As I was driving to work this morning, I heard this bit of news and was as shocked as most of you probably were: President Barack Obama has won the Nobel Peace Prize.
“Only very rarely has a person to the same extent as Obama captured the world’s attention and given its people hope for a better future,” the Nobel committee said.
President Obama, who said he was “humbled” by the honor, accepted the award this morning as “a call to action.” And, with the exception of gracious congratulations from Senator John McCain (R-AZ) and, surprisingly, Minnesota Governor Tim Pawlenty, the response from conservatives was predictably critical, from liberals predictably laudatory.
My response was probably much like everyone else – shock that a President who has been in power for less than nine months, and who was nominated less than a month after taking office (the nomination deadline is February 1), could win an award that is associated with great accomplishments. Other than possibly the Stimulus (whose merits and successes are very much up for debate), what has he accomplished since becoming President? Certainly nothing on the world stage, which is what the Nobel Peace Prize is for.
I’m convinced that the Committee picked Obama more as a sign of appreciation that American voters last November ended eight years of their government, let’s face it, giving the middle finger to the rest of the world. There are many times that I worry that Obama is going too far in the opposite direction, but the George W. Bush way definitely was not the right way either. Certainly it wasn’t in the minds of much of the rest of the world.
One of the dominant narratives in American politics is that Democrats are wimps, that they’re indecisive, that they don’t stick to their beliefs and that they don’t support national security and defense. This may not really be true, but all to often Democrats do things that give creedence to this notion.
President Obama may be doing so again.
According to the AP:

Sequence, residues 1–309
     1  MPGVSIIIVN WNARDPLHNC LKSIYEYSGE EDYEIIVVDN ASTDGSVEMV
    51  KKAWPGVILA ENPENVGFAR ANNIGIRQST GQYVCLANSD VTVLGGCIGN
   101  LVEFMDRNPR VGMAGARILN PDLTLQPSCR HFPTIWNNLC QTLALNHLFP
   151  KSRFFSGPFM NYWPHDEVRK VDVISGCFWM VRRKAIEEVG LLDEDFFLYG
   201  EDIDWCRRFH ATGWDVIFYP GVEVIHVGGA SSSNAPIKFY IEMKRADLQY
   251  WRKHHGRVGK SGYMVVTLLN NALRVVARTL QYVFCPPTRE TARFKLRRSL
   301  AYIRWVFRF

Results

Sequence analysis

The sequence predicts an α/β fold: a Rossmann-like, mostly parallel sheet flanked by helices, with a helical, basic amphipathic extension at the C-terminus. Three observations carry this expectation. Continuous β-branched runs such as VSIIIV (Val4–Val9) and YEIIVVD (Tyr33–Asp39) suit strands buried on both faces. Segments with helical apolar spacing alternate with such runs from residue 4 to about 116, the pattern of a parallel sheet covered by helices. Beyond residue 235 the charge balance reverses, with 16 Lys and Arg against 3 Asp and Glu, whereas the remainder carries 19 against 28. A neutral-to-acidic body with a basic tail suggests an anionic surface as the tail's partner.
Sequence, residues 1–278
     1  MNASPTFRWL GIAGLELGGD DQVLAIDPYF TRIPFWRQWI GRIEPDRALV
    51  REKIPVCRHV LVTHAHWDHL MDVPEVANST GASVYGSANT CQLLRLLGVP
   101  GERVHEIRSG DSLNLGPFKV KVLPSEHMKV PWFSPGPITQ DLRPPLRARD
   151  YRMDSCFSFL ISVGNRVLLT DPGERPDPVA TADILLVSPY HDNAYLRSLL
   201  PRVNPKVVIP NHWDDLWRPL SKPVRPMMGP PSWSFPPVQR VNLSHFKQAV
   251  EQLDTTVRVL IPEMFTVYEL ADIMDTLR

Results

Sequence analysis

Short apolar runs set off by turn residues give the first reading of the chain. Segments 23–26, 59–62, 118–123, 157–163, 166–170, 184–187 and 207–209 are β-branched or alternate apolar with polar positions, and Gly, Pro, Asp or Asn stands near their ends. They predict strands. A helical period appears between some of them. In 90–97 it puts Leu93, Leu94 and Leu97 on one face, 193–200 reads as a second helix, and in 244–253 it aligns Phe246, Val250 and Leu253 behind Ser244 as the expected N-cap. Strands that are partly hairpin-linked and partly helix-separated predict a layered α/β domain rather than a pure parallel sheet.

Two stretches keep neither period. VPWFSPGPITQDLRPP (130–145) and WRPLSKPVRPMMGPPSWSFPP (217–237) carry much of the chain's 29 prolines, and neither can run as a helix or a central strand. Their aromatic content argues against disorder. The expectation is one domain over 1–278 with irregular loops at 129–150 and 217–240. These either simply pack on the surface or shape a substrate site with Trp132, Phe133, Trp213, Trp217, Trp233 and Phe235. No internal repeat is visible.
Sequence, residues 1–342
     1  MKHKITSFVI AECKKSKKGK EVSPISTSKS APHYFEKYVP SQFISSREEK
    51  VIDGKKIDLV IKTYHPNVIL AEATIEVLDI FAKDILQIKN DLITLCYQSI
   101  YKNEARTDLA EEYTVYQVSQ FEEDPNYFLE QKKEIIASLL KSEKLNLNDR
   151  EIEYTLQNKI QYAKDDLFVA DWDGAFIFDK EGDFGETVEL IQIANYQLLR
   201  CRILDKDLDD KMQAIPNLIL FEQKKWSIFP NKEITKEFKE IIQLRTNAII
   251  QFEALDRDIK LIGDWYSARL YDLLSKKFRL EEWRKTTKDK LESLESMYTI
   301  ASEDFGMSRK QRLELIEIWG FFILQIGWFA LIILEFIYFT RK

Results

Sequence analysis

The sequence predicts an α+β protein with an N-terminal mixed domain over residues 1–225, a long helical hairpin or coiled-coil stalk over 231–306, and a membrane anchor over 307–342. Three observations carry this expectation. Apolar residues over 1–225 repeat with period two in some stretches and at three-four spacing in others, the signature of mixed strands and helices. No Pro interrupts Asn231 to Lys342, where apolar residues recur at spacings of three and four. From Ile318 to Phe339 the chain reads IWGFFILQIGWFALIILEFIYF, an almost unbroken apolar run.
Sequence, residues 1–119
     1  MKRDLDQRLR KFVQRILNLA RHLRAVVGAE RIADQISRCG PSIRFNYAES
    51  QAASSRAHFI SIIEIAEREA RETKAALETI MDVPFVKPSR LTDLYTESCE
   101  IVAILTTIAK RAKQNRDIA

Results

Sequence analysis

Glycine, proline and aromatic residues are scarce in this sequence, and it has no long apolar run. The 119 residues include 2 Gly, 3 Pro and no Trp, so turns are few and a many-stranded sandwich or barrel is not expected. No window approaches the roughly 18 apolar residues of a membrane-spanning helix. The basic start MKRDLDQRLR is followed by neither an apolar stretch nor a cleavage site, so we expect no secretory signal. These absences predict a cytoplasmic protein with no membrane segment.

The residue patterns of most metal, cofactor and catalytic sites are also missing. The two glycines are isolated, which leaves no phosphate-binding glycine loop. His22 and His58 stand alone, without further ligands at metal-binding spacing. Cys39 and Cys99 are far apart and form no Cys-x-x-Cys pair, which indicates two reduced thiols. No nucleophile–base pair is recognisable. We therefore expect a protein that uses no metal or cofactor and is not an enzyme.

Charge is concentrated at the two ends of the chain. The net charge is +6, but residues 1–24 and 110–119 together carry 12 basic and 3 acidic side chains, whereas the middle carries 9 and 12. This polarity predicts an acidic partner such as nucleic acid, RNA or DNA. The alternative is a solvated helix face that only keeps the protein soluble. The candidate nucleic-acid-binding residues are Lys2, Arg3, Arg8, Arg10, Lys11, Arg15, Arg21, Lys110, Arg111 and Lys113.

President Obama is prepared to accept some Taliban involvement in Afghanistan’s political future and appears inclined to send only as many more U.S. troops as needed to keep al-Qaida at bay, a senior administration official said Thursday.
The sharpened focus by Obama’s team on fighting al-Qaida above all other goals, while downgrading the emphasis on the Taliban, comes in the midst of an intensely debated administration review of the increasingly unpopular eight-year-old war.
Though aides stress that the president’s final decision on any changes is still at least two weeks away, the emerging thinking suggests that he would be very unlikely to favor a large military increase of the kind being advocated by the top U.S. commander in Afghanistan, Gen. Stanley McChrystal.
McChrystal’s troop request is said to include a range of options, from adding as few as 10,000 combat troops to – the general’s strong preference – as many as 40,000.
Obama’s developing strategy on the Taliban will “not tolerate their return to power,” the senior official said in an interview with The Associated Press. But the U.S. would fight only to keep the Taliban from retaking control of Afghanistan’s central government – something it is now far from being capable of – and from giving renewed sanctuary in Afghanistan to al-Qaida, the official said.
One of my biggest criticisms of George W. Bush was that he abandoned the war in Afghanistan, the one that was justified, the one that the rest of the world supported, to launch his quest to settle his Dad’s old score the invasion of Iraq. During his campaign last year, Obama rightly said that Afghanistan was the war we should win. So I find it outrageous that he is now willing to settle for something less than that.
And while I disagree with Senator John McCain (R-AZ) on a lot, he was right when he said this week that we need to go after both the Taliban and Al Qaeda, that if we leave the Taliban with any kind of a chance to take power, terrorists will follow. They may not have the name “Al Qaeda,” but they’ll still have a haven to flourish in.
Should President Obama have had to deal with Afghanistan on top of Iraq and the economy? No. But the bottom line is he does have to deal with them. And he better deal with them a whole lot more forcefully than this.